The European Central Bank cut its main interest rate on Thursday and announced a three-pronged drive of unconventional steps to drive down borrowing costs and get the euro zone economy back on its feet.

The ECB lowered the refi rate by a quarter percentage point to a new record low of 1.0 percent.

President Jean-Claude Trichet also revealed that the ECB would join most of the world's other top central banks in launching quantitative easing, after months of deliberation about how far to go to support the recession-bound economy.

The Governing Council decided today to proceed with its enhanced credit support approach, Trichet told a news conference.

The Council decided to buy covered bonds issued by companies in the euro zone, and lend banks unlimited funds for up to 12 months -- double the previous maximum. Trichet also said that the European Investment Bank, the European Union's long-term lending bank, would be allowed to gain access to ECB funding by taking part in the central bank's money market operations.


Referring to the covered bonds, he said: I would say at this stage we expect to engage in a program which could be around 60 billion euros. Covered bonds are corporate bonds but holders have access to assets which secure or cover the bond if the issuer becomes insolvent.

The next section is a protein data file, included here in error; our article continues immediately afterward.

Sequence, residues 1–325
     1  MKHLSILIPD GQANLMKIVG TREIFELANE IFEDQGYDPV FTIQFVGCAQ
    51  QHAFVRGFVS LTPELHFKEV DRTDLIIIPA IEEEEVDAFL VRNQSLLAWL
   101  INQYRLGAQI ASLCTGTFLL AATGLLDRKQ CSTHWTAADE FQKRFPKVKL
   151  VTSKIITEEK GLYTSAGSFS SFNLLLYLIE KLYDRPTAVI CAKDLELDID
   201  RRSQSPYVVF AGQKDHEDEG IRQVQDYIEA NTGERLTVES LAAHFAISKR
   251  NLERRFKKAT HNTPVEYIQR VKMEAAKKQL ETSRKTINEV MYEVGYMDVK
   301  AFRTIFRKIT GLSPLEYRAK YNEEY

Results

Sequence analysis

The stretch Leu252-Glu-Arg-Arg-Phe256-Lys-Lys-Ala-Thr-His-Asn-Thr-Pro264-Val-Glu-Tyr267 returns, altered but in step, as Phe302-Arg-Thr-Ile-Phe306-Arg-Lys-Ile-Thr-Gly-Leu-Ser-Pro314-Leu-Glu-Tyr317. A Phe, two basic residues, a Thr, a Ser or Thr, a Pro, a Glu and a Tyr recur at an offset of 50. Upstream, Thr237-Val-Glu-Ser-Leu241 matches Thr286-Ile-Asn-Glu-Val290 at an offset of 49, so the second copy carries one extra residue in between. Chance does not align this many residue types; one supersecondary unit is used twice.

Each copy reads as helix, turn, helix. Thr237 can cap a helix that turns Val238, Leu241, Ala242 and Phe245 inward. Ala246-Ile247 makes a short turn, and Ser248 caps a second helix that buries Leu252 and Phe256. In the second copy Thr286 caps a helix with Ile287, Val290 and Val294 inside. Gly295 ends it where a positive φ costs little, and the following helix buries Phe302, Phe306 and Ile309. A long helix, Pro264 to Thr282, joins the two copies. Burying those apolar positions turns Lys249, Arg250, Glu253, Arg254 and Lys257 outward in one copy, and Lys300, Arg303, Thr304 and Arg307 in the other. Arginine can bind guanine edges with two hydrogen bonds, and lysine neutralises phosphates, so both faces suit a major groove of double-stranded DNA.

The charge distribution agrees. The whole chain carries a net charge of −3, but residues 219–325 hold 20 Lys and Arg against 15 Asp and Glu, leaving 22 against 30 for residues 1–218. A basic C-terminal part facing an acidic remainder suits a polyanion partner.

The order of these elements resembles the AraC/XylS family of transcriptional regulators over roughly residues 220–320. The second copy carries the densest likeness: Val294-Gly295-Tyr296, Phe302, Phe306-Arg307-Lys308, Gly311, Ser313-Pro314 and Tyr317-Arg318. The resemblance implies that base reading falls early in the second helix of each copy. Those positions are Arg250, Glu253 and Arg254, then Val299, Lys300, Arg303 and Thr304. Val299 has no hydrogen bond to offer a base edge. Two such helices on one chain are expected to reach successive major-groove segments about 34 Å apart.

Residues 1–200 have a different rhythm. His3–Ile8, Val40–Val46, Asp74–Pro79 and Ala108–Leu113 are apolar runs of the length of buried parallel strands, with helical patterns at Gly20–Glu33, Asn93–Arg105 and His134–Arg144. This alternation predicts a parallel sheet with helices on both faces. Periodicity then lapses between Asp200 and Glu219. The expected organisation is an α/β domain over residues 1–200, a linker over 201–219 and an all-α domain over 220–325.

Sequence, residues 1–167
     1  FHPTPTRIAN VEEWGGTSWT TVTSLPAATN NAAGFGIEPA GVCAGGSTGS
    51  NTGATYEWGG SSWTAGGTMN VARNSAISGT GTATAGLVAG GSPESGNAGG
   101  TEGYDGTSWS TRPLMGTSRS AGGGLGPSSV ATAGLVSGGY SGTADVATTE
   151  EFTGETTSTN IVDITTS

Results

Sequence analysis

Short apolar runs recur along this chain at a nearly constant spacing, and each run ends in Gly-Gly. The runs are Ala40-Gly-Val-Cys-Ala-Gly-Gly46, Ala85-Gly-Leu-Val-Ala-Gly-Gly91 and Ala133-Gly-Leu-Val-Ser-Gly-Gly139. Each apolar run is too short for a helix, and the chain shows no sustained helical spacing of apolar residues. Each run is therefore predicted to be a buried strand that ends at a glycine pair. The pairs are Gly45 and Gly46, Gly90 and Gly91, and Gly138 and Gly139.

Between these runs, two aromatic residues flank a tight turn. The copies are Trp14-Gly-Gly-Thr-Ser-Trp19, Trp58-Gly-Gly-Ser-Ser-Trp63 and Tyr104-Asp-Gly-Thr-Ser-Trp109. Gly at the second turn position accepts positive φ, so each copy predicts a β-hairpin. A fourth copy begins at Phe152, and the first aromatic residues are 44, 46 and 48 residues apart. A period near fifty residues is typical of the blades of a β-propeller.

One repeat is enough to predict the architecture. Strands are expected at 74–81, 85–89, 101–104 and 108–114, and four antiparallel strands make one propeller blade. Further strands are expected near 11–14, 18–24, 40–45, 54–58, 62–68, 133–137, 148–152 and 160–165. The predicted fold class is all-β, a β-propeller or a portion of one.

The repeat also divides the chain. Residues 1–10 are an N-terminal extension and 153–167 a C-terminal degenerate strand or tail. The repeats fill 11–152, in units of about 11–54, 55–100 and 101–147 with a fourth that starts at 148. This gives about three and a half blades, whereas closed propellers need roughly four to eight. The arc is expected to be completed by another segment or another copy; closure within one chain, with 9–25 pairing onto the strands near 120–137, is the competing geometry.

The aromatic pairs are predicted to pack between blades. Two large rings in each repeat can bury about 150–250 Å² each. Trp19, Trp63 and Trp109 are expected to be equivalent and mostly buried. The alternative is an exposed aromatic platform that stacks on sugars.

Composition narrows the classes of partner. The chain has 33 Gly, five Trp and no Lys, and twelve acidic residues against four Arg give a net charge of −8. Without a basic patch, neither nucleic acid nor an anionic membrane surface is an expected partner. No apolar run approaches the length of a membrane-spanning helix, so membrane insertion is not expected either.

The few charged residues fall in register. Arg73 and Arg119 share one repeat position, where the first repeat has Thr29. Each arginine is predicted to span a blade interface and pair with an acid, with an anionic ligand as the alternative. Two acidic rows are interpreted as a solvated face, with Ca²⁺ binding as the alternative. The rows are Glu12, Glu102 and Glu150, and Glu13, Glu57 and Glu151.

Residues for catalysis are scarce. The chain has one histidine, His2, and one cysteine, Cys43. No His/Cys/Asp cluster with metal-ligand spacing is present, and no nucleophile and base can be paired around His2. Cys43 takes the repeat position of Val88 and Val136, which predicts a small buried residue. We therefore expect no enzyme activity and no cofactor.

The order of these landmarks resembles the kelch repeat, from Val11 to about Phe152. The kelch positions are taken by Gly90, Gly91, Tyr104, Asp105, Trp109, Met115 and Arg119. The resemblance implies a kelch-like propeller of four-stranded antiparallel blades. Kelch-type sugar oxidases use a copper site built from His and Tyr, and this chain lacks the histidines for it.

The ECB kept the overnight deposit rate, which is acting as a floor for money markets, at 0.25 percent, narrowing the gap between its policy rates instead of cutting the lowest of these to zero. The marginal lending rate was cut by 50 basis points, to 1.75 percent.

The ECB has slashed the refi rate from 4.25 percent since last October. (For graph, click

We have not decided today that the new level of our policy rates was the lowest level, that we could never cross whatever future circumstances would be, he said.

But he added: The Governing Council considers that the present level of interest rates are appropriate taking into account all of information available.